Hey guys, We have made it through the halfway mark of the school year! That means that we only have about 4 more months left. That also means that this is my third installment of this blog this year. For this one, I will be talking about my workflow when I am editing pictures.
My whole process starts when I get home after a photo shoot. I plug my SD card into my iPad using an adapter and download all of the pictures to my iPad. Once I have them all in a spot where I can view all of them, I go through and look at each picture and pick out my favorites. After I have added my favorite pictures to a folder, I move into my actual editing process.
When I am editing, deciding what apps to use depends on the type of photo that I am editing. For a normal photo shoot, such as senior portraits, I use four apps to edit my pictures. I use VSCO, Facetune, Afterlight, and SKRWT. If I am editing a photo for my horror surrealism, then I add one app to my workflow. The a that I add is called Affinity Photo. It is basically a photoshop equivalent for the iPad.
The process for both of them is the exact same, but for the horror surrealism, I go through Affinity first to make the composite. You can check out one of my earlier blog posts to learn how to create a horror surrealism composition. Now that you have your composition, let’s move onto the next step. If you do not have to go through the process of making a composite image, then you will just start here.
The next stop is VSCO. I love this app because it has a wide variety of filters and photo editing options. It also has a social aspect to it. You are able to post photos and videos to your board. That aspect of it is very similar to Instagram. The standard version of VSCO has a lot of filter options, but you can pay for a yearly membership and have a much wider variety or filters.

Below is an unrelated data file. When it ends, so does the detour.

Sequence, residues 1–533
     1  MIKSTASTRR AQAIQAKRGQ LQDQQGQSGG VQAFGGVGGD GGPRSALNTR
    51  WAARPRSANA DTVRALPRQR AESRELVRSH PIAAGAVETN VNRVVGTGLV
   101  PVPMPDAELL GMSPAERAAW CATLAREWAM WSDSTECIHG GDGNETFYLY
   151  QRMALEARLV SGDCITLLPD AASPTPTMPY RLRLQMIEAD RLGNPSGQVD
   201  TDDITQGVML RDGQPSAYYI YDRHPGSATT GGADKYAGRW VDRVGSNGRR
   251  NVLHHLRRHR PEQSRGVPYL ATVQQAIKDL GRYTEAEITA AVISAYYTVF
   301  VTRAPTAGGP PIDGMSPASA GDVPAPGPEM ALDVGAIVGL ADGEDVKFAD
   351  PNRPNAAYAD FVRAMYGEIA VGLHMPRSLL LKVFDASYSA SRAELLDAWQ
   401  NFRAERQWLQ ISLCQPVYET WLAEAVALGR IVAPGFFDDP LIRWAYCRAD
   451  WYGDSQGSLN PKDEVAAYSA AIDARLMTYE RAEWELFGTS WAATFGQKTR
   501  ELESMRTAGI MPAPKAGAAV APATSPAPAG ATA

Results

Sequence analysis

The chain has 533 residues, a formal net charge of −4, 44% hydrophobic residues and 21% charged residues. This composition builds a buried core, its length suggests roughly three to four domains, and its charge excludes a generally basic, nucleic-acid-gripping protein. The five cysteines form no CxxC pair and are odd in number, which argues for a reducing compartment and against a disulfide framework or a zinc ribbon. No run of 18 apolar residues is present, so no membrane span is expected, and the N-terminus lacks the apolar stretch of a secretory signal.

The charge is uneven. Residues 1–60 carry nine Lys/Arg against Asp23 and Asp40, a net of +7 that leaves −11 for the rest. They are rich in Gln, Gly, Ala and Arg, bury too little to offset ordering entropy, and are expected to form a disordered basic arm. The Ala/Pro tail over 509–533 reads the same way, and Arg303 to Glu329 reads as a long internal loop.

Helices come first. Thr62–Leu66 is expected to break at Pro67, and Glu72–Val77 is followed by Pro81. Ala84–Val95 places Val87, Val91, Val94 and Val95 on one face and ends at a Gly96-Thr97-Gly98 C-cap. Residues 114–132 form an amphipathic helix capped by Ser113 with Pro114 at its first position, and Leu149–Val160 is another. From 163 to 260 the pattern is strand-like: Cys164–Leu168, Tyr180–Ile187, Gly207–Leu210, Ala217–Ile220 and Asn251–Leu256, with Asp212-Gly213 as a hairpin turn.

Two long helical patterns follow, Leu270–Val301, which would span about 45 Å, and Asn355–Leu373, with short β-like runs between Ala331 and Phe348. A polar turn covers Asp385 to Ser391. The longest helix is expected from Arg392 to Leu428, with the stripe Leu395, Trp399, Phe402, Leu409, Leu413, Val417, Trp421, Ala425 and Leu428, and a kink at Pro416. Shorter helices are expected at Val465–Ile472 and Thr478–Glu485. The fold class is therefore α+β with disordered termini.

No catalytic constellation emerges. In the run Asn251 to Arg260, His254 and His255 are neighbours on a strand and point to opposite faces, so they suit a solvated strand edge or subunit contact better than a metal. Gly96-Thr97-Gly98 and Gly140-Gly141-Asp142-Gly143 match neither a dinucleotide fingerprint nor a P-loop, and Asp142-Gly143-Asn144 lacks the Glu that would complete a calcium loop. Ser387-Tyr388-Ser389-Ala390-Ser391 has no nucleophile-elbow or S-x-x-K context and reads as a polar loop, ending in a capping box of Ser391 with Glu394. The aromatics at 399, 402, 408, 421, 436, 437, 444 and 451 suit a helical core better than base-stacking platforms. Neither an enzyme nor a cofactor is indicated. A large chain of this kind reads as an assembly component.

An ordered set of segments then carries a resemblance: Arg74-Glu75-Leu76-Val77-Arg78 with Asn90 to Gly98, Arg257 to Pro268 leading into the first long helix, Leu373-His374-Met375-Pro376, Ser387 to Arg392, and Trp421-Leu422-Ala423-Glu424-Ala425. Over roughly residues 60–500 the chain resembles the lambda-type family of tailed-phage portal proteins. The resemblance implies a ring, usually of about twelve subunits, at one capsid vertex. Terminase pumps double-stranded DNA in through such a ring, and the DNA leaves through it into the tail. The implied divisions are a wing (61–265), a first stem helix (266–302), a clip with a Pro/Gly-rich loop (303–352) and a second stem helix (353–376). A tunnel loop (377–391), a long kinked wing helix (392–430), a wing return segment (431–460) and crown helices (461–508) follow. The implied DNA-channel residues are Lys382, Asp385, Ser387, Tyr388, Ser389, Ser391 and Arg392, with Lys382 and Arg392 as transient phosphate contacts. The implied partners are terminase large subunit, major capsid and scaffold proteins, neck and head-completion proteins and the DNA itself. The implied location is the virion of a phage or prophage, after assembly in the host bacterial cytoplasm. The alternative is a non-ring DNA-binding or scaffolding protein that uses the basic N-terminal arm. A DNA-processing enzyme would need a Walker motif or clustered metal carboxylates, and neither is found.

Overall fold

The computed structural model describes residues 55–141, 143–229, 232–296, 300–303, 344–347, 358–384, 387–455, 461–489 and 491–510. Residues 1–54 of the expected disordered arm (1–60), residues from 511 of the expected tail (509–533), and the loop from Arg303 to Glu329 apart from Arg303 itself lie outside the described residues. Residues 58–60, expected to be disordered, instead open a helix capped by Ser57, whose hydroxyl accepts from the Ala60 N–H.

Now that you have completed the editing your photo in VSCO, you can move on to Afterlight. I normally do not do much in Afterlight, but it has a few more options for tinting and shading certain highlights and shadows in your photo.
After you finish in Afterlight, we can go into Facetune. I really like this app because it gives you some of the photoshop features, but in a simpler form. My favorite tool in Facetune is the patch tool. It is the same as the clone stamp tool in photoshop. You are able to copy certain areas of the photo and paste them to other areas. This is great for removing blemishes or unwanted objects in your photo.
Now, for the next to last step in this workflow, SKRWT. This is probably not an app that you would normally think to use in your photo editing process. This app allows you to adjust the angle or perspective of your photo. I like to sometimes adjust it to make it look like I took the photo from a different angle or add some interest into my photo.
The last stop on this journey, is Instagram. I like to post most of my photos to Instagram because it is a great way to show the world my work. If you turn your account into a business account, then you can see a lot of data about your page and your posts. You can see how many people view your page, your posts, and also what time and what day people are most active so you can schedule when to post your photos. It is good to post during or right before the peak viewing time to to try and get more people to see your stuff.
I hope that this helped you or inspire you and your workflow for photo editing. These are things that I have learned over my time of being a photographer. My workflow is not the only one. It helps to try out many different things to find out what best works for you. Thank you for reading.